05 March 2017
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Council calls in the "experts" to try and get round the law
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Retention of electronic communication data - next steps (LIMITE doc no: 6713-17, pdf):
In the Watson/Tele2 case the Council recognises that:
"the Court ruled that Article 15(1) of Directive 2002/58/EC (the ePrivacy Directive), read in the light of the Charter of Fundamental Rights, must be interpreted as precluding national legislation "which, for the purpose of fighting crime, provides for general and indiscriminate retention of all traffic and location data of all subscribers and registered users relating to all means of electronic communication", as well as national legislation that "governs the protection and security of traffic and location data and, in particular, access of the competent national authorities to the retained data, where the objective pursued by that access, in the context of fighting crime, is not restricted solely to fighting serious crime, where access is not subject to prior review by a court or an independent administrative authority, and where there is no requirement that the data concerned should be retained within the European Union,,,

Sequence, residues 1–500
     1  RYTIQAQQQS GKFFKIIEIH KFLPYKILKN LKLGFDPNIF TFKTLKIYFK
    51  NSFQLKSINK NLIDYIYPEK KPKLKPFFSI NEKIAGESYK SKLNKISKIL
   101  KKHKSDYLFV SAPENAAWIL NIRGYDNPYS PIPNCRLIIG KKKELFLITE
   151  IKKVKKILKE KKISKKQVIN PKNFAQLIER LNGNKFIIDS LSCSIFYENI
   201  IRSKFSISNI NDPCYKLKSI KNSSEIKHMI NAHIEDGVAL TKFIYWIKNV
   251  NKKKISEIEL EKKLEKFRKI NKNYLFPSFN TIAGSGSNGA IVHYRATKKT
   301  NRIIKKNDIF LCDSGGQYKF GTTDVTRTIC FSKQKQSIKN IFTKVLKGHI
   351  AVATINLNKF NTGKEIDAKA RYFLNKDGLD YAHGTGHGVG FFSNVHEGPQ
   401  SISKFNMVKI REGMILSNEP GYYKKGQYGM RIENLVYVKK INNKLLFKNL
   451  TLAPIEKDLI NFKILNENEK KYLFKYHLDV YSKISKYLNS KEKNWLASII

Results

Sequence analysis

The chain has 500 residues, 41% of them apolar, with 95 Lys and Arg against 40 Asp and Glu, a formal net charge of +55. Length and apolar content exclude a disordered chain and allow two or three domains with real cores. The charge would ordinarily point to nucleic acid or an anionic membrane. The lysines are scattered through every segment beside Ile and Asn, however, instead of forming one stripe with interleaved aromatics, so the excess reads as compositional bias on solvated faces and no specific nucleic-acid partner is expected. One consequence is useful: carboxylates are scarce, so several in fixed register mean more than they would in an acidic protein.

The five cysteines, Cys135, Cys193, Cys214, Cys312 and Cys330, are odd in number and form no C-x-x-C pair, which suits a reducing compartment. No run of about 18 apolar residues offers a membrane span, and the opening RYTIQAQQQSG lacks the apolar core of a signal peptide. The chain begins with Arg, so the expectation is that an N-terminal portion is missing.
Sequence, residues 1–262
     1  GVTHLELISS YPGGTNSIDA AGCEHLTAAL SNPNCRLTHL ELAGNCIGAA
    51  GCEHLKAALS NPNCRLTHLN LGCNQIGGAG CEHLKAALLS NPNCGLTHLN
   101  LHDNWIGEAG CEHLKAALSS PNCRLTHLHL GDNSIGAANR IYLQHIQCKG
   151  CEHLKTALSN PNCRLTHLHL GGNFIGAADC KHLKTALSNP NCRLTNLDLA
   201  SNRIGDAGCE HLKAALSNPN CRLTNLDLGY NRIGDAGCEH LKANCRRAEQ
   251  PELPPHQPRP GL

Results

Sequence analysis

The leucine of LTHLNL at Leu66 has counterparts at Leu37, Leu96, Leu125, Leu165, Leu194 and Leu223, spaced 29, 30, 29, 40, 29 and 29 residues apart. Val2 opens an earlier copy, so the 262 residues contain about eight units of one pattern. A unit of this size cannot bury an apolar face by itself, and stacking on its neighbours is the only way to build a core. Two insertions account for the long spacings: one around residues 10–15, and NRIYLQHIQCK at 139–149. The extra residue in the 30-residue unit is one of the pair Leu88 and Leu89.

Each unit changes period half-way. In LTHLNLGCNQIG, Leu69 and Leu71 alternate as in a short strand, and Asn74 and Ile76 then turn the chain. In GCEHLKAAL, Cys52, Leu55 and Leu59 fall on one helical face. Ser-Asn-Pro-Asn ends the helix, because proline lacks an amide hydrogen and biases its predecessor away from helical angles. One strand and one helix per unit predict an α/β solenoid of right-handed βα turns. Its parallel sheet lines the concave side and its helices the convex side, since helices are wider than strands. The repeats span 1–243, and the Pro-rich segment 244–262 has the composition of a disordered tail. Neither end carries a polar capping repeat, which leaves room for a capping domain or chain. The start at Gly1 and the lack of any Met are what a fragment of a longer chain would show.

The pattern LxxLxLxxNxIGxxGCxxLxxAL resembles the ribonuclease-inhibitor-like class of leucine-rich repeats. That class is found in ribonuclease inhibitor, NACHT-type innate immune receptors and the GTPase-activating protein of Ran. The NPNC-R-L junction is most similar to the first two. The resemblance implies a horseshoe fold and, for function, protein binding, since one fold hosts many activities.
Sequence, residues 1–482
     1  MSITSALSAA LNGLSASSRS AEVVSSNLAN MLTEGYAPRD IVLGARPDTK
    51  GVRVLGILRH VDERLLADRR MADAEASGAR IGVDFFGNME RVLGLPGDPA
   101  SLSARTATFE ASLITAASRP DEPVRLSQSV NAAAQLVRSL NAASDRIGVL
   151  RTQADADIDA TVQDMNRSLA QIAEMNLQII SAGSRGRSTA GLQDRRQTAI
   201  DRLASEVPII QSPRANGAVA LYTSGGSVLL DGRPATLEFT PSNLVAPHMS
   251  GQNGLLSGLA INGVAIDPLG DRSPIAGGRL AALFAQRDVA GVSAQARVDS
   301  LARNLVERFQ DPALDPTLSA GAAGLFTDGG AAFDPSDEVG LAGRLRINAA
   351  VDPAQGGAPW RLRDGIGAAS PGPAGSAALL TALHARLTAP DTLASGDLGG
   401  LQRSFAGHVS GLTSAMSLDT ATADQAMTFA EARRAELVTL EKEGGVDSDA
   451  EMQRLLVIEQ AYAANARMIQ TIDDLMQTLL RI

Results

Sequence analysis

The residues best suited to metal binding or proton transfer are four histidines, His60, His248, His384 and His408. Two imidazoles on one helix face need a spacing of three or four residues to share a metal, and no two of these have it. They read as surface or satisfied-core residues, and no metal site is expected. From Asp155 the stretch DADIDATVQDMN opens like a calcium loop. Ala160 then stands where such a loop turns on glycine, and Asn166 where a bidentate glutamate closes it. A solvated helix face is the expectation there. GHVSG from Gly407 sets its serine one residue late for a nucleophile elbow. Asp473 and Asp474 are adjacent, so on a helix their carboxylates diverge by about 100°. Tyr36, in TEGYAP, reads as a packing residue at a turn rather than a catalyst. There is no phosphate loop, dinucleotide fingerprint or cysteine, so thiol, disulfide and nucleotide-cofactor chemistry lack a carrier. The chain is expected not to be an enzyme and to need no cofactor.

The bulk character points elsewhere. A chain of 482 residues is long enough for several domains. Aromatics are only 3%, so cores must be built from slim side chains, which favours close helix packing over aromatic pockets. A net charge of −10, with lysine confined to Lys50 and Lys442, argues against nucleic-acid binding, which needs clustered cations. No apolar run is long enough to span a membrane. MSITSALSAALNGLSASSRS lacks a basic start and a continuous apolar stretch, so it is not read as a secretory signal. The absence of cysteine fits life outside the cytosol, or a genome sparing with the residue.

expressed their concerns on the implications of the judgment, which might hinder the effectiveness
of the investigations and prosecutions of crimes. The majority
of delegations reiterated the support expressed at the informal
ministerial meeting in Valletta on 26-27 January 2017 for a coordinated approach at EU level and for discussions to continue at expert level." [emphasis added].
The Commission 3 years after the Digital Rights is now confronted by a confirmation by the Court that such laws are unlawful is considering:
"how national data retention laws can be construed in conformity with the judgment:"
See: In December 2016: Watson/Tele2 Sverige AB case: The Members States may not impose a general obligation to retain data on providers of electronic communications services (Press release, pdf) and Full-text of CJEU judgment (pdf) and in 2014: "Digital Rights Ireland and Seitlinger and others": The Court of Justice declares the Data Retention Directive to be invalid (Press release, pdf) and Judgment (pdf) - the CJEU declared the measure was unlawful since it was adopted in 2006.
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